'Tis the season to brew a nice cup of black flavored tea and bake a batch of pumpkin scones. It's a nice way to ease me and you into this New Year's promise. The scone is a popular British bread that is quick to make, served with tea, and also enjoyed in other countries around the world. A dropped scone is easier to make than other varieties and it tastes just as good. And the European touch I like to use comes from using European Style butter (creamy and rich), Mediterranean Sea Salt, dark chocolate, olive oil--and keeping the portion smaller than larger.

European-Style Pumpkin Scones

3 1/2 cups 100% all-purpose flour
1/2 cup sugar (I did use granulated)
2 teaspoons allspice
1 tablespoon baking powder
1 teaspoon baking soda
a dash of Mediterranean Sea Salt
1/4 cup European Style butter 
1 cup pumpkin puree
3/4 cup buttermilk
1 brown egg
Preheat oven to 400 degrees. In a bowl mix flour, sugar, baking powder, soda, salt, and spice. Add chunks of butter (sliced in small squares). In another bowl combine pumpkin, milk, and egg and stir till a dough-like mixture forms. (I used my hands.) Drop large spoonfuls onto a parchment lined cookie sheet. Sprinkle with sugar or Mediterranean Sea Salt or both (optional). Bake till brown and crusty, about 12 to 14 minutes. Makes 12.


Italian Wedding Soup Recipe in the NEW
The Healing Powers of Vinegar, 3rd edition
wherever books/ebooks are sold
The first scone I tasted was plain, warm, and had a refreshing texture--a change of flavor from all those sweets. To enhance a warm scone for breakfast, lunch, or dinner, try herb butter (just a small amount). Mix a teaspoon with a dash of fresh basil and parsley. Or try drizzling the scone with a bit of oil--garlic or rosemary.
As I anticipate making the first fire in late fall, my young-ish two four-leggers sleep. I'm glad I made these scones before and will do it again this week. They are a new beginning for me, and perhaps you, too, to bring in the New Year with good food, less sweets--except quality gourmet dark chocolate--and good vibes for another decade that promises the best and worst of times, with respect to Charles Dickens.

For more recipes to pair with scones or scone recipes--turn to the Healing Powers Series (click and find all the bookstores where you can get these in ebook/paperback/mass market formats).

*Currently, all ebooks for Healing Powers Series (Vinegar, Olive Oil, Chocolate, Honey, and Coffee) are on sale at amazon.com and kobo.com. And The Healing Powers of Vinegar is in the top row of bestsellers in Diet and Weight Loss; The Healing Powers of Honey is the #1 Highest Rating honey and health book on walmart.com !

Saturday, November 26, 2016

Thanksgiving Treats and Trips


By Cal Orey

Last year Thanksgiving was a time when I spent the day cooking a big bird or little game hens, cornbread dressing, homemade cranberry sauce, mixed vegetables, and pumpkin pie. But this year I decided to rebel making the traditional dinner and postpone the big meal until Christmas. And that’s when I decided to get my turkey dinner fix and leftovers with a twist of the Mediterranean.


Back in the 
day when I was in my late twenties I was living in a townhouse in Mountain View (north of San Jose). Sitting in the sun, getting tan by the swimming pool I was reading and dog-earing one of those go-to-Europe-on-a-budget books. It was my dream to go to Tuscany that fall and savor sites, people, culture, and Mediterranean cuisine. I was going to stay at hostiles, take a backpack and sleeping bag, and experience several countries. But my boyfriend announced that if I left on a trip while he had to work he wouldn’t be there when I returned. So, I changed my plans and opted for graduate school to get a master’s degree in English (Creative Writing). Europe was put on the back burner.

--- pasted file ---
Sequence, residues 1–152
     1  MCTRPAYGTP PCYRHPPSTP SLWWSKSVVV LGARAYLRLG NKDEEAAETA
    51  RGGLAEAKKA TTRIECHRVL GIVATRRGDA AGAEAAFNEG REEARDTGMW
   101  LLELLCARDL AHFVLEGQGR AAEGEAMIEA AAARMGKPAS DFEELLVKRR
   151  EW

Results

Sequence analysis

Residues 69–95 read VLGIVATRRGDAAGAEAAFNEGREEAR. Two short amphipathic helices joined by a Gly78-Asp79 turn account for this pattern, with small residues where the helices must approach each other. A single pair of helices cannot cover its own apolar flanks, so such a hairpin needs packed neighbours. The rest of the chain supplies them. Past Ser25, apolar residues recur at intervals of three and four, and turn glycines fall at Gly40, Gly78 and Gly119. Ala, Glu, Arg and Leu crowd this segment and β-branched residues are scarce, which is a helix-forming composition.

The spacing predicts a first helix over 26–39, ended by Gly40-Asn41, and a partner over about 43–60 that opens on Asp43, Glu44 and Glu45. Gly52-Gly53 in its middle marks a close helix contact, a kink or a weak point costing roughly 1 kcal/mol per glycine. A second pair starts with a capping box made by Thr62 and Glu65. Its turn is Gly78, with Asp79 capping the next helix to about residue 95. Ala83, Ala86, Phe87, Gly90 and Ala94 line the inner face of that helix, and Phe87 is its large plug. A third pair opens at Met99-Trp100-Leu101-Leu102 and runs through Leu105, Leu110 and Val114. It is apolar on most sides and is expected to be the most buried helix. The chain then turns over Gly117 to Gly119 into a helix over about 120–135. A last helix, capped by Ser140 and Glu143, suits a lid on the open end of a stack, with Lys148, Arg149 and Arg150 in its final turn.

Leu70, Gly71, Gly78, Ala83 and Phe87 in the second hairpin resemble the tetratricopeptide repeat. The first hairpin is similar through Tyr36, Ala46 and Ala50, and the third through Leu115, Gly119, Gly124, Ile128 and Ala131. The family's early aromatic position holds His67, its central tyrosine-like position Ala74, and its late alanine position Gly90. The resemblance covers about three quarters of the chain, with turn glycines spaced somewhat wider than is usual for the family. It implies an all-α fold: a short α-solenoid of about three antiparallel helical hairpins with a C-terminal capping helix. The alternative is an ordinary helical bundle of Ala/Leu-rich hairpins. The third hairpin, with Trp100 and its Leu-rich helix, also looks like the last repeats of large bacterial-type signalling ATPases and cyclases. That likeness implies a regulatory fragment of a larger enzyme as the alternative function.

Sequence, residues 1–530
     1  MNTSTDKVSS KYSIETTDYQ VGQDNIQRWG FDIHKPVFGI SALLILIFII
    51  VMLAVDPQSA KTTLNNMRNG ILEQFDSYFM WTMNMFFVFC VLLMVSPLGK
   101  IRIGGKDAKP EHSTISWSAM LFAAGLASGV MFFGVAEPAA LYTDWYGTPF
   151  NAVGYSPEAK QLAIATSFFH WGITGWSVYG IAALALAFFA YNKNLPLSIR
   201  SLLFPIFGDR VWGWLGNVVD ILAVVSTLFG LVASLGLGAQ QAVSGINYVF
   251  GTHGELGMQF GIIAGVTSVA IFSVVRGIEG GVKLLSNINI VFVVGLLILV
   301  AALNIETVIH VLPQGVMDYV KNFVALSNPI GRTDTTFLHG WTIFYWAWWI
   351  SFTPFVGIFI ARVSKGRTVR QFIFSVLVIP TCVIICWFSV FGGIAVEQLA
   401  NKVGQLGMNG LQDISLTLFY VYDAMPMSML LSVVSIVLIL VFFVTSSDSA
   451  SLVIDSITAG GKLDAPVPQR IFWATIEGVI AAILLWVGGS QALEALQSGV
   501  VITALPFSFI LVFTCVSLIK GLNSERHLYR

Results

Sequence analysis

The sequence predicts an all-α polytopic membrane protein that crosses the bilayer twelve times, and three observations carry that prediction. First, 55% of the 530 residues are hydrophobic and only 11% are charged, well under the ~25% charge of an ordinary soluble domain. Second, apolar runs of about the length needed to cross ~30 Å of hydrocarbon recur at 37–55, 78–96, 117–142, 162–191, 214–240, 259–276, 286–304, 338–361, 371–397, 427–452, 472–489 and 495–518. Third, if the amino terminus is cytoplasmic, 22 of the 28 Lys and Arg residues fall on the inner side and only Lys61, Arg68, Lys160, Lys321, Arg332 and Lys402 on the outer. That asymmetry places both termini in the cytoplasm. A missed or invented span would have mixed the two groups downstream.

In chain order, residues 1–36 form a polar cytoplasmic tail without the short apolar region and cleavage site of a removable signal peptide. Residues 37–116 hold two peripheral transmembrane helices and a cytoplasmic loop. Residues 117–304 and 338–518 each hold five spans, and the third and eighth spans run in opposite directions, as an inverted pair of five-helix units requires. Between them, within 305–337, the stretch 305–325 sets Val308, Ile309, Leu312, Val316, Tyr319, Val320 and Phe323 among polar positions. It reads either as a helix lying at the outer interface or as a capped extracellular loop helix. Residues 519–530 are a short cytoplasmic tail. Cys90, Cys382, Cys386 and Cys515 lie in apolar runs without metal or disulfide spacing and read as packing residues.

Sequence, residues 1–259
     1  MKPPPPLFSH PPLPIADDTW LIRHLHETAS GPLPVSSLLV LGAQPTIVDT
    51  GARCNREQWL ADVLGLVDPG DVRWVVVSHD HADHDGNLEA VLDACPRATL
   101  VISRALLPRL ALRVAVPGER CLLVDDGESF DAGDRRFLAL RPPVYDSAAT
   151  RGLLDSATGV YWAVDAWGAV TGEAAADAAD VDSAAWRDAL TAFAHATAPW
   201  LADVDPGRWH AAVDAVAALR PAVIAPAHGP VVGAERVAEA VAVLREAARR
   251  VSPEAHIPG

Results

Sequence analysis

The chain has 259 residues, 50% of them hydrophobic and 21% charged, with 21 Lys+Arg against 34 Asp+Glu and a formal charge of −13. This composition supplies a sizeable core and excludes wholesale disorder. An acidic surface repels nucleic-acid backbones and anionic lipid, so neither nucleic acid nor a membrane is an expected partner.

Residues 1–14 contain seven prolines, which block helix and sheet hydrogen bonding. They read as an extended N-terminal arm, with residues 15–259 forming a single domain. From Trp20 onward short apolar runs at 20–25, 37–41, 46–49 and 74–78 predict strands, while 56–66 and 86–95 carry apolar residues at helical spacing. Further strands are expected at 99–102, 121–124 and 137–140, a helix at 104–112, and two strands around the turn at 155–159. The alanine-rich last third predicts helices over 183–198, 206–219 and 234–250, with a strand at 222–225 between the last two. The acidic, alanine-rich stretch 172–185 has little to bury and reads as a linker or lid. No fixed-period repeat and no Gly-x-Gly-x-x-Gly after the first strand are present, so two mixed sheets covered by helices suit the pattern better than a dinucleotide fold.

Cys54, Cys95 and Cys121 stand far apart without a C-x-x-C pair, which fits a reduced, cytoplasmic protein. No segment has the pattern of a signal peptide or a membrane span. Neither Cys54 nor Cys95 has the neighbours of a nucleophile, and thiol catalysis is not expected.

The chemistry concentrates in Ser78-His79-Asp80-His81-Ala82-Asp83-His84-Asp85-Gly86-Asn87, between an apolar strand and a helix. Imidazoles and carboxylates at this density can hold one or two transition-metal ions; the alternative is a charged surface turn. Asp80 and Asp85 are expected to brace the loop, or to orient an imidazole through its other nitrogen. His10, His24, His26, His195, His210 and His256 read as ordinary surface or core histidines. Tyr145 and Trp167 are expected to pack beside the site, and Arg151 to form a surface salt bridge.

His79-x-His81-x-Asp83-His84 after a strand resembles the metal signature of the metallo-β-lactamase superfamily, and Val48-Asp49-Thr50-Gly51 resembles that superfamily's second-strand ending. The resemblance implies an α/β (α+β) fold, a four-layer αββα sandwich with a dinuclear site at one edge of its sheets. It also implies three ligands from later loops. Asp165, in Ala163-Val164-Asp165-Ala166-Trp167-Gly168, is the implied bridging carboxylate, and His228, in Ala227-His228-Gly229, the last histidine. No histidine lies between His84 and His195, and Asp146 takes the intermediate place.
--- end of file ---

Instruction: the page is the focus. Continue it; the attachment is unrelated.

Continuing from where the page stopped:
Decades later, I am here on the South Shore living my life as an author writing and promoting my health-cookbook Healing Powers Series. So, this week feeling a bit overwhelmed (after the Zen cat's dental surgery, bed meltdown, waiting for new mattress and sleeping in the bed frame like a big kitty litter box, and regretting not taking the Alaska getaway due to an unexpected hurricane-force storm) I ponder, “I can at least bring a treat with European flair to me." Think turkey sandwich and trimmings (I feel less guilty not having a bird in the fridge; rarely do I indulge in poultry or fish since I'm a 95% vegetarian and part-time vegan.) And  I may just go ahead and book an adventure to Seattle-Victoria, Canada as a late Thanksgiving present to me since I still have flight miles in the lock box, with credit to Al Gore.

Hot Turkey and Provolone Sandwich
2 tablespoons European style butter
4 red onion slices
1⁄4 cup fresh mushrooms, chopped
4 tablespoon green bell peppers, chopped
2 sourdough rolls, split (whole grain preferred)
2 slices turkey (I used roasted turkey breast from Safeway deli.)
2 slices provolone cheese
1⁄2-1 cup spinach lettuce, chopped
3 Roma tomatoes, sliced
4 tablespoon black olives
Extra virgin olive oil
Red wine vinegar
Ground black pepper
In a frying pan melt butter and saute onion, mushrooms, and peppers. Put aside. Put bottom halves of rolls on parchment lined cookie sheet. Top each with turkey and cheese. Bake in 375 degree oven till cheese melts. Take out from oven and top each roll with lettuce, tomatoes, and onion mixture. Drizzle with olive oil and a splash of vinegar. Add a dash of pepper. Cut sandwiches diagonally. Serves two.
Chunky Mashed Potatoes
4 medium red potatoes
1⁄2 cup 2 percent low-fat organic milk
European style butter
Chives, fresh
In a saucepan boil potatoes. When tender put potatoes in bowl; mash. Add milk until consistency is smooth and chunky. Add butter to taste. Add chopped chives. Serves two.
For dessert the plan is to savor a cup of gourmet Sugar and Spice flavored coffee and a square of dark chocolate while sitting in front of a freshly made fire and cozying up with the the Aussie and Siamese while watching a film. True, it isn’t Rome (and the ex boyfriend is history forever) but this nontraditional “family-style” mini meal has its health perks. (I’ll save the second sandwich for the day after.) And there will be no gaining unwanted Turkey Day pounds. My plan is when I make my appearance for signing of my new book in the New Year I will still be able to fit in my size 4 skinny jeans. And that is going to be Thanksgiving for me.